This week the FDA will vote on flibanserin, the much-talked-about drug for women with the condition called hypoactive sexual desire disorder or – because everything in sexual health needs an acronym like ED or PE – HSDD.
On the eve of the FDA vote, CBS last week ran still another story about flibanserin. This drug has received so much news coverage, you’d think it cures cancer.
And CBS did little more than promote the hype even more, saying FDA approval “could translate into a $2 billion market in this country alone” and then failing to challenge the disease-mongering estimate of “10 percent to 30 percent of women” with this condition. It all just goes along with the drug company’s efforts to build a demand before the drug is even approved.
In fairness, the story did call it “a rather vague diagnosis” and did say that some “critics say creating a pharmaceutical solution is driven by greed. ”
But then it flip flopped by offering only a single patient anecdote, a woman who didn’t want to be identified, who was “desperate” after “losing her sex drive completely” and who now says she is “definitely improved” after being in a trial of the drug.
This group says the drug:
1. offers only TRIVIAL benefits to women’s sexual lives, as shown in the company’s clinical trials.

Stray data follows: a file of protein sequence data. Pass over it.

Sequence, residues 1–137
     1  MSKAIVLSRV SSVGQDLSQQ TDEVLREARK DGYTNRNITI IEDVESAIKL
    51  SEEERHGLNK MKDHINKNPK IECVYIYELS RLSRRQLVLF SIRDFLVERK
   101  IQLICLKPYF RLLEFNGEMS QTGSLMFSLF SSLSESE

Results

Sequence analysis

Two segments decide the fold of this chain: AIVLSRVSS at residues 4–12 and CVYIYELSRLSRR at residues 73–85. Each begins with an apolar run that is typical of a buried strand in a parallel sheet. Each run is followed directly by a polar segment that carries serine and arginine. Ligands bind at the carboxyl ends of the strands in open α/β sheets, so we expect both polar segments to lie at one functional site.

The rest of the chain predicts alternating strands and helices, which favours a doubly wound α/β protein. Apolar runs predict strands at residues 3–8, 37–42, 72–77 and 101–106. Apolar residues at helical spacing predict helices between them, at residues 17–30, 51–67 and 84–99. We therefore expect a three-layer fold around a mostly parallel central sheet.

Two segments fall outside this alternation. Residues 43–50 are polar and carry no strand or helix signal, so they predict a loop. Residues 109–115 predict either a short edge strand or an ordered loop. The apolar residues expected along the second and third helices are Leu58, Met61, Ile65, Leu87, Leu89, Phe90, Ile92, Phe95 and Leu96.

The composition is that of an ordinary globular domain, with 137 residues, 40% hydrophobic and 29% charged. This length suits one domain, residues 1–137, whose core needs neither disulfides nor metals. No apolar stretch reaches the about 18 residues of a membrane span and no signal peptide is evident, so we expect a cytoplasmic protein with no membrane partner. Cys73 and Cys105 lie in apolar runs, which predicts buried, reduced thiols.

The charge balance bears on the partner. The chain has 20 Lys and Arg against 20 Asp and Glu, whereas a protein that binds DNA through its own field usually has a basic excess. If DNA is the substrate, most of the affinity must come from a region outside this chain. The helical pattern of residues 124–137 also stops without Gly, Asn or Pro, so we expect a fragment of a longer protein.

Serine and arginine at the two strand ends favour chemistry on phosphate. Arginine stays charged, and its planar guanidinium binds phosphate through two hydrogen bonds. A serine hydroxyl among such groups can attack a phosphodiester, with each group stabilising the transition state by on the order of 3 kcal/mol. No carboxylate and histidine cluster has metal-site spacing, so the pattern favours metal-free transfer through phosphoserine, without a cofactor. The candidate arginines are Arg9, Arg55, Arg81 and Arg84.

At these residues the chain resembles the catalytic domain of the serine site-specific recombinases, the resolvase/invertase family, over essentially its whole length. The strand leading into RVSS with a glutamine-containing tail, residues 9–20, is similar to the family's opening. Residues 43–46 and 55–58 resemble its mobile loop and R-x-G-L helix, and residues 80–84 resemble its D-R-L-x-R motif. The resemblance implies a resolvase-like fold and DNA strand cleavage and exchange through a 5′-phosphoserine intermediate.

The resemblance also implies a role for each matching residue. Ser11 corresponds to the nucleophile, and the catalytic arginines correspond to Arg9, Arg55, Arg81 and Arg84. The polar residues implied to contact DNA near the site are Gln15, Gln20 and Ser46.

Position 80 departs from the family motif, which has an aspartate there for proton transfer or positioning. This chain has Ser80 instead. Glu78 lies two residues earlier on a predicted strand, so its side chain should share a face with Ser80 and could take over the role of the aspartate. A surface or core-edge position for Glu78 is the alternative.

2. might have serious ADVERSE EFFECTS when marketed to a large population.
3. comes with an AGGRESSIVE MARKETING campaign to convince women that sexuality is located in the brain, and that low sexual desire suggests chemical imbalances in the brain.
4. contributes to UNDERMINING and CONCEALING social and cultural issues that lead to women’s problems with sexual desire.
5. tends to pathologize normal sexual diversity and therefore NARROWS the ‘cultural ideal’ around female sexuality.
6. represents a classic case of the pursuit of PROFIT rather than women’s sexual pleasure and scientific knowledge.
A few issues that CBS didn’t touch on.
A few weeks ago, Medscape quoted Gail E. Wyatt, PhD, a sex therapist, psychologist, and professor in the Department of Psychiatry and Biobehavioral Sciences at the University of California, Los Angeles:
“There are sometimes good reasons why women have no sexual desire. They may be in a relationship that’s unhealthy or where there’s physical or sexual violence. …This drug is not going to be a panacea for sexual problems, because often sexual problems are complex and happen for a good reason. My concern is that by prescribing patients a drug like flibanserin, we are medicalizing sexual function, rather than understanding the problem.”
Finally, blogger Merrill Goozner writes:
“I have a much more prosaic concern. Because I write often about prescription drugs, I get inundated with email spam from robots selling male sexual dysfunction drugs (I don’t want to use their names because it only adds to the volume). Approval of flibanserin will double that volume. So in the name of God, I beg the FDA committee: Stop spam! Vote no on flibanserin.”